If, like me, you have been watching the movies every Christmas for as long as you can remember – something in your mind will militate against picturing “Kevin” as a middle-aged man. It just does not compute. The more rational part of your brain will be quite capable of working out that 2020 minus 1980 equals 40, but that will not stop the more intuitive part of your brain from screaming: No, Kevin is a boy! He cannot be 40!
Something a bit like that has happened, collectively, to the Millennial generation as a whole, albeit more as a result of a semantic confusion. If Google Books Ngram Viewer is anything to go by, the word “Millennials” entered the English language at the end of the 1990s, and then began to take off in the mid-2000s. At some point, probably soon after, “Millennials” simply became a synonym for “very young people”.
At the time, this was, of course, entirely correct. Millennials are people who were born between the early 1980s and the mid-to-late 1990s, which means that when the term entered popular usage, the oldest Millennials were in their mid-20s, and the youngest ones were still children.
However, linguistic conventions, once established, develop inertia, and become hard to shift, even as the reality they try to describe changes. Today, the term “Millennial” still has the same connotations it had one and a half decades ago, but the people it describes have not stayed as young as they were then. Hey guys, wanna feel old? Some Millennials are 40. You’re welcome.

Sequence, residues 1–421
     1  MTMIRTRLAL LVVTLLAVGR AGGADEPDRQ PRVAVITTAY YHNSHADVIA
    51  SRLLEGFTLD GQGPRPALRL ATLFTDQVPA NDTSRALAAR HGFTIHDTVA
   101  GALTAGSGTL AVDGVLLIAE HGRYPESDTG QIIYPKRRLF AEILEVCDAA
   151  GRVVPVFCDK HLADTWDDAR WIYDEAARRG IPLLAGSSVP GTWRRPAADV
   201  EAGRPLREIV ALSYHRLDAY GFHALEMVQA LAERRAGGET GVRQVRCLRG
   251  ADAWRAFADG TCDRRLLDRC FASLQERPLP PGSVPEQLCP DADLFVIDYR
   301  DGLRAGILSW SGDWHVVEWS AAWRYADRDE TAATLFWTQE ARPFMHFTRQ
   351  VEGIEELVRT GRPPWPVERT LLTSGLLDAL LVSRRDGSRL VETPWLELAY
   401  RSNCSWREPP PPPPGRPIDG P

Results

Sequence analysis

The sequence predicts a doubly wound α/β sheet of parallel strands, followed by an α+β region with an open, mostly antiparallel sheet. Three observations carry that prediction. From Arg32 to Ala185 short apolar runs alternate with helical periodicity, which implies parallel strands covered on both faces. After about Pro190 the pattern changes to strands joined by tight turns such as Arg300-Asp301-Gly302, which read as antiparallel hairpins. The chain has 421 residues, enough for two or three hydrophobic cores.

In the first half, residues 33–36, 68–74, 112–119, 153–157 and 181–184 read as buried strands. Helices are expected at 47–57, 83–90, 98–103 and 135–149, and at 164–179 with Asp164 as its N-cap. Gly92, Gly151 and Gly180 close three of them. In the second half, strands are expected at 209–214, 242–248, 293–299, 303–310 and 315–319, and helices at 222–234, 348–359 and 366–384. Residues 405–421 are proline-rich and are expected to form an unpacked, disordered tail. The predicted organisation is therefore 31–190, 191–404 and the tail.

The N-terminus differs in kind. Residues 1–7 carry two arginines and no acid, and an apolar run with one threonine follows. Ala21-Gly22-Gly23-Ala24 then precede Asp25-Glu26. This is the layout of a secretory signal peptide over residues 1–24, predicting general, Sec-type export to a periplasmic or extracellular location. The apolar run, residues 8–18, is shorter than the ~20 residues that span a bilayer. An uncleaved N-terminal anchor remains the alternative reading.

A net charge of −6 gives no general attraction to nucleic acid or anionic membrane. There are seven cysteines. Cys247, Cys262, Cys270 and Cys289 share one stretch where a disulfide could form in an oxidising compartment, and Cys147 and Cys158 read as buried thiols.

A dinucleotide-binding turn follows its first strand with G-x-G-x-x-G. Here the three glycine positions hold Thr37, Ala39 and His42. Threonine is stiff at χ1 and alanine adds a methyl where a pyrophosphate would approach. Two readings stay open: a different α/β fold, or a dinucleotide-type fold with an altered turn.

This is not just a matter of linguistic pedantry. The fact that we still use “Millennials” and “young people” synonymously seems to be causing some real confusion. As I show in my recent IEA report Left Turn Ahead?, over the past five years or so, there have been a flurry of surveys showing a rising popularity of socialist ideas among Millennials (as well as, increasingly, Generation Z). A generation, if not two generations, has turned against capitalism.
If you hold the uncool, unfashionable “OK Boomer” opinion that capitalism is a lot better than its reputation, this should be a cause for concern for you. And yet, oddly, people on the pro-capitalist side of the argument have not shown much interest in the rise of “Millennial Socialism”.
They usually brush it aside with phrases such as “The young have always gone through a socialist phase”, “They will grow out of it”, “It’s easy to be a socialist as long as mummy and daddy pay your bills”, “Wait until they start working”, “Wait until they start paying tax”, “Wait until they enter the real world”, and so on.
People who dismiss the rise of Millennial Socialism in this way seem to be picturing somebody in their late teens or early twenties. Because Millennials are 20 years old, and Kevin is a boy, right?
But what the survey data really shows is that socialist ideas are still just as popular among people in their early 40s as they are among people in their late teens. This does not mean that those views are set in stone, and that the Millennial generation is a lost cause for supporters of the market economy.
But it does mean that Millennial Socialism cannot be dismissed as an expression of youthful naivete, a lack of real-world experience, or as a passing phase. Rather, among politically engaged Millennials, socialist opinions have become default opinions. Default positions can be changed, but only with active efforts. They do not change on their own.
At the moment, Baby Boomers and the preceding generation – generations which tend to be more sceptical of socialist ideas – still outnumber Millennials and adult members of Generation Z. But already over the course of this decade, that lead is going to disappear, and turn into a solid Zoomer-Millennial majority.
If I were Jeremy Corbyn, I would try my luck again in a few years’ time. If demographics is destiny, the future belongs to the socialists.
This article was first published on Conservative Home.